I felt paralyzed. There wasn’t a bone in my body that would move.
I saw women hugging their children as their husbands consoled the wives, telling them everything would be fine. I saw little children with tears streaming their faces for the stranger they didn’t know. I saw passersby curiously wondering what had happened, and then seeing the shock hit their face as they found my girlfriend and her blood amongst the cement.
Shortly, the police and ambulance were here.
The first cop came up to me, without seeing Aimee first, and I just stared ahead, watching her face.
He noticed what I was staring at, and started yelling for the paramedics. I saw the disgust take over his face, but the simple sadness behind the non-emotional mask these guys must have to wear to do their jobs correctly. He knocked on my window, as the paramedics lifted Aimee onto the stretcher, carefully. I didn’t look up at the cop outside my door, until the paramedics had Aimee carted away. The cop opened my door, and knelt down beside me outside the car. I still didn’t look, but I let him know I was acknowledging him.
“Son?” He asked, as if I were related to him in any way. He laid his hand on my arm that gripped the bottom of the steering wheel. “Son, I’m sorry about all of this. It isn’t your fault. But, as regulatory rules, I need to ask you a few mandatory questions. Do you mind stepping outside the car?” I pushed his hand off of my arm, one of the only movements I’d made. He stood, expecting me to stand with him. I didn’t.
“Pat!” The cop yelled, awfully loud.
A woman cop appeared a few seconds later, at my side. I didn’t look into her eyes, but again, she knew I knew she was beside me.
She knelt down like the first cop, lying her hand on my arm. Her fingers were long and bony, sort of cold, which stung my arm, reminding me of Aimee’s fingers.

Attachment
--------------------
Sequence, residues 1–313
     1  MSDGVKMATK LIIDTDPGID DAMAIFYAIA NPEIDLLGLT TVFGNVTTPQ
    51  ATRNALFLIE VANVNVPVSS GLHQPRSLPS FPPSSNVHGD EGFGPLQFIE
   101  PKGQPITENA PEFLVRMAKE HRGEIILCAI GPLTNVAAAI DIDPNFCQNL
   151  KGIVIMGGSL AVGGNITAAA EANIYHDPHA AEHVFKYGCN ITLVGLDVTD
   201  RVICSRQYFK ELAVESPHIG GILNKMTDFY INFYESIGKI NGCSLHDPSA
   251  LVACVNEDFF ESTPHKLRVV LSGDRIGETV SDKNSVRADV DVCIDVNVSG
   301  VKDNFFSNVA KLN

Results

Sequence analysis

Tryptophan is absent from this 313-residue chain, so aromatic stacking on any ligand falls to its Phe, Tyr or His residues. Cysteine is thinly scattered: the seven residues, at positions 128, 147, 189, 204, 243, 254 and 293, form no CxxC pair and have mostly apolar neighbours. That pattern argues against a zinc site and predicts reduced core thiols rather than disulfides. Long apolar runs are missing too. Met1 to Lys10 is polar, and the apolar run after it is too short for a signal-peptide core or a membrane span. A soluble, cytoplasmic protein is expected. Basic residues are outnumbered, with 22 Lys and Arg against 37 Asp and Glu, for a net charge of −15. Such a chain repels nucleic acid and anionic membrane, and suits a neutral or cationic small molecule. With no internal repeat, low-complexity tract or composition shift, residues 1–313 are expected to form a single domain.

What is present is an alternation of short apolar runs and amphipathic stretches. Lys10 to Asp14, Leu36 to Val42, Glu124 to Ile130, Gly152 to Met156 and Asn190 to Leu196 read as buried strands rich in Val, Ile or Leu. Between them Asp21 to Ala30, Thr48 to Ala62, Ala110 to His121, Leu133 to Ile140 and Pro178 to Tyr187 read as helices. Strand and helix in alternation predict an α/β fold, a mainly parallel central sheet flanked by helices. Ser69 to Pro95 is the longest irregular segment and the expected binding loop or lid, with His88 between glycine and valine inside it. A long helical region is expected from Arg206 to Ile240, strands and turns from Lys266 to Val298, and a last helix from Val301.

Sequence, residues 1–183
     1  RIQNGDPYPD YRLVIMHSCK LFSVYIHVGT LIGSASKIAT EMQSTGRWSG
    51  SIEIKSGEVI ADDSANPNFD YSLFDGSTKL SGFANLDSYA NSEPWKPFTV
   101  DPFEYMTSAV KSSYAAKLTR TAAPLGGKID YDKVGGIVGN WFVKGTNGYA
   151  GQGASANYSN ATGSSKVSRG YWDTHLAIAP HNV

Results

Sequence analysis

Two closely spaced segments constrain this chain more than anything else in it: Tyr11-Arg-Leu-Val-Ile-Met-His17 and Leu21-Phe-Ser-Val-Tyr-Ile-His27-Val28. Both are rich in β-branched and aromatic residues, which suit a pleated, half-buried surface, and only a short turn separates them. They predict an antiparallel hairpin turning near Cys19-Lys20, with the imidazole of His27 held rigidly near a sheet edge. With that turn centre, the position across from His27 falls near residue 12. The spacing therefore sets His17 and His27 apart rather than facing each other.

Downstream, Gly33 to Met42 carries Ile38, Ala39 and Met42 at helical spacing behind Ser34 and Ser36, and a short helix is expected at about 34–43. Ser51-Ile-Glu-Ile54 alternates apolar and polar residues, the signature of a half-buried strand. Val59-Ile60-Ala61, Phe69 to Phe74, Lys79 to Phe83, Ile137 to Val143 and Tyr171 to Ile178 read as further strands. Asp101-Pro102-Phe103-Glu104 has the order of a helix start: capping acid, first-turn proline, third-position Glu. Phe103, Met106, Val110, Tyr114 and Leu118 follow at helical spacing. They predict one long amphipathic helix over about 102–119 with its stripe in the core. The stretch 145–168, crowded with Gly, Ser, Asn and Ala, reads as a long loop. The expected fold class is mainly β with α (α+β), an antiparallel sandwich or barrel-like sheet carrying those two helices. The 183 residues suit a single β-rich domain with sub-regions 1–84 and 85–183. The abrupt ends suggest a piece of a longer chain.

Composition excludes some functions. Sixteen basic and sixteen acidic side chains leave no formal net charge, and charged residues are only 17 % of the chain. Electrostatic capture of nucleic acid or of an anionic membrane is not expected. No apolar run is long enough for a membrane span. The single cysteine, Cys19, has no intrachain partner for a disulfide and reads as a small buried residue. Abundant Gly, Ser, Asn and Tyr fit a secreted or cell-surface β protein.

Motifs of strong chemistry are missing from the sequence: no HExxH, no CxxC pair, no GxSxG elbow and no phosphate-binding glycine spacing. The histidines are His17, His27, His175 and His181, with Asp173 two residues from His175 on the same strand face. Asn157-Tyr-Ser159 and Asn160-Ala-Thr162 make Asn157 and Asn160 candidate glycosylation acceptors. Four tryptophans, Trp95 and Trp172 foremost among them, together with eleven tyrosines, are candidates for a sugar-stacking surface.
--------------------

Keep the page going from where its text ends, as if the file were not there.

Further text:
“My name is Pat,” she said to me, obviously trying to get me to talk. “What’s your name?” She asked me. I couldn’t help but tell her.
“Max.” I forced out.
“Hello, Max. Listen Max, we need to ask you a few questions about your friend-“
“Girlfriend. She’s my girlfriend,” I cut her off. I saw the sadness and pity in her eyes when I said that.
“Max, we need to know these things in order for there to be any way to help her. Will you help us?” She said in her same soft, mothering voice.
“Good,” I heard the smile on her face appear in her words, giving a sense of false hope. I knew Aimee was gone. “Can you come over to the Officer’s vehicle?”
“Yes.” I stepped out of the car, but as soon as I did so, my legs gave from under me. I collapsed onto the ground, but Pat came to help me up.
“Are you alright, Max? Is there anything physically wrong with you? Were you hurt in any way? We need to know Max, so we can help you.”
“I’m fine. Just…just scared.”
She didn’t say anything. Because there was nothing to say. What do you say to someone whose girlfriend just died in front of your eyes and you didn’t do a darn thing about it? She shouldn’t ever feel sorry for me.
We walked over to the police car, and she allowed me to sit in the front seat instead of standing.
“Max, what’s your girlfriends name?” Pat asked me.
“Aimee. Aimee Anita Price.”
“How did this accident occur?”
“We were pulling into the left lane, but the semi behind us didn’t see, I guess, and hit the back of our car which spun us around to slam into the car behind us in the left lane that also hit us, and sent us into the car in front of us. That’s when Aimee flew out.”
“Who was driving, Max? You or Aimee?”
I didn’t know what I should say, so I just said what came natural: “Me.”
She looked up at me, with deep sorrow in her eyes. I wanted to smack her, telling her not to look at me like that.